Over twenty-five years ago, I
sat in a bar in New York City with two friends. The bar was revolutionary then.It featured a huge menu of beers categorized by
country. At that
time, if you were to see a few foreign beers on a menu, they
were always of the international industrial variety: Stella Artois, Heineken, Beck, Kronenbourg.
Actually, this New York bar
with the huge beer selection was no different.If you wanted a beer from New Zealand, you'd get a Steinlager, New Zealand's biggest export beer. It's just that back in 1989, no one had heard of
Similarly, were you to select an Argentine beer, you'd get
these beers were or were soon to be owned by multinational
beer conglomerates. Do you think any of us cared? We were just happy to be trying
'exotic' beers from
locations far afield.
Today, of course, you can walk
into a number of bars, Bangkok included, and have more
choice in country and quality than this unusual New York
City bar from the 1980's. Many of those multinational brands I first got a
glimpse of in that New York bar are now more accessible and infinitely more local.
Let's take the Asahi or Kirin
you imbibe in a local Japanese izakaya. It's always billed as Japanese beer and a premium is
charged for it.
On menus which like to document the "origins" of a beer,
you'll often see something like "Asahi (Japan)". While it's
true that the brand names of Asahi and Kirin belong to
Japanese companies, the Asahi and Kirin you sample in
Thailand are made under license in Thailand by local
is manufactured by Boon Rawd, makers of Singha; Kirin, by
San Miguel Breweries of which Kirin already owns a 48%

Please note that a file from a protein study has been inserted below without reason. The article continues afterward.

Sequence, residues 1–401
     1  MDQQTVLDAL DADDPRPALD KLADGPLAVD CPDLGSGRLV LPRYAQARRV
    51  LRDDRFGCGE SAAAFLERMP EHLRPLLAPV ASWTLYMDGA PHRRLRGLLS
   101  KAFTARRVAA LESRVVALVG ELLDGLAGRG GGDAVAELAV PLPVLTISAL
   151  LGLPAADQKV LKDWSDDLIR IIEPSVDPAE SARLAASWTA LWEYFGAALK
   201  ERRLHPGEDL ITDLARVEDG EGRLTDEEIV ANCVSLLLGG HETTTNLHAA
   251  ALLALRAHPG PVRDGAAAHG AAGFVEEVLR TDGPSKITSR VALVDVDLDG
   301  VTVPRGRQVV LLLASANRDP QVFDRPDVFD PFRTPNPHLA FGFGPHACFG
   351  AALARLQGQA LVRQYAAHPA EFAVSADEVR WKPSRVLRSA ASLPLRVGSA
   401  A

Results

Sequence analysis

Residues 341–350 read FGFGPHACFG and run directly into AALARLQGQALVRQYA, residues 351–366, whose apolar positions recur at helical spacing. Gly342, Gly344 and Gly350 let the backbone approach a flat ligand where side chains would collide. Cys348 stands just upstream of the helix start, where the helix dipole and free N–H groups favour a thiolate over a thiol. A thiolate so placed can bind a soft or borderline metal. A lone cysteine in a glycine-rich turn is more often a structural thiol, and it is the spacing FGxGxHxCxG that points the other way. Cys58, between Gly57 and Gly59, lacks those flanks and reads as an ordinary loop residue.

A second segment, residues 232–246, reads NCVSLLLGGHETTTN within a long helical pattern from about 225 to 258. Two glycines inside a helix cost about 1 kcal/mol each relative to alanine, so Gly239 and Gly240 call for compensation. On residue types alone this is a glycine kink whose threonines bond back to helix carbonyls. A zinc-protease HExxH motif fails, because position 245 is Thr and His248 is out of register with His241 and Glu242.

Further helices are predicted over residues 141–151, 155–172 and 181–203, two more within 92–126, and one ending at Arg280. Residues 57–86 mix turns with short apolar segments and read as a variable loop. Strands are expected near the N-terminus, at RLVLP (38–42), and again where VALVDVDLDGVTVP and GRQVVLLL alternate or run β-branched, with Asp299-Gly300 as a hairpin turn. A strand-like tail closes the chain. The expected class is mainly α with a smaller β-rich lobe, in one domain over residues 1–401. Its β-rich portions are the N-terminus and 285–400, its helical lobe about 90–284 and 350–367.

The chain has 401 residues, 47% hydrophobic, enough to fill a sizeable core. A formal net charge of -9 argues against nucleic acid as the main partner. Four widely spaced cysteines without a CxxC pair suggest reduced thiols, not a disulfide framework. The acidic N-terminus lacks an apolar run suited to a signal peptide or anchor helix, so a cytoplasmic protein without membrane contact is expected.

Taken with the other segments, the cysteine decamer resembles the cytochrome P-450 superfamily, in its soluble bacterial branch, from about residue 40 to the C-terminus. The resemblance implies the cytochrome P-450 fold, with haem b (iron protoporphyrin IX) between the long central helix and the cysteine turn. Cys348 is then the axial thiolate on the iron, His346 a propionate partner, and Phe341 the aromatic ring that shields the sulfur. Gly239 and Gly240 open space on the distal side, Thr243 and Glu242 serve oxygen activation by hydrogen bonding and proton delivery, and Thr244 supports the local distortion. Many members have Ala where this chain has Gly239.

stake. The only
imported Japanese beer in Thailand is Sapporo, but it, too,
is not brewed in Japan, but in Vietnam. Beers manufactured in ASEAN countries incur lower
duties than beers manufactured outside the region.
This licensing scheme is not
limited to Thailand. Big breweries have been doing this for years to
expand market share while minimizing their risks. Asahi's most famous products, its Super Dry beer,
served in the silver can with black lettering, has only been
around since 1987, but it's now a world famous and popular
brew due to strategic partnerships. In huge and lucrative markets with very little local
protection, such as the United States, Asahi will setup its
own American branches, Asahi Beer USA Incorporated. In the Chinese market, Asahi will operate via a
combination of their own breweries and joint operation with
a powerful partner - Tsingtao in this case of which Asahi
also owns a piece.In smaller markets with protected beer markets, Asahi
has its beer made under license by a local powerhouse. In
Canada, Molson produces it; in Malaysia, Carlsberg.
Now here's where things can
We're likely to think of an Asahi beer in a can and in a
bottle as identical products in two different containers.In a smaller market like Thailand, that would be
true. All Asahi
beer available in the Kingdom is brewed by Boon Rawd.If tomorrow, Asahi wanted to sell its products in
milk cartons in Thailand, Boon Rawd would be the ones behind
it. But in
larger markets, the bottled version is usually locally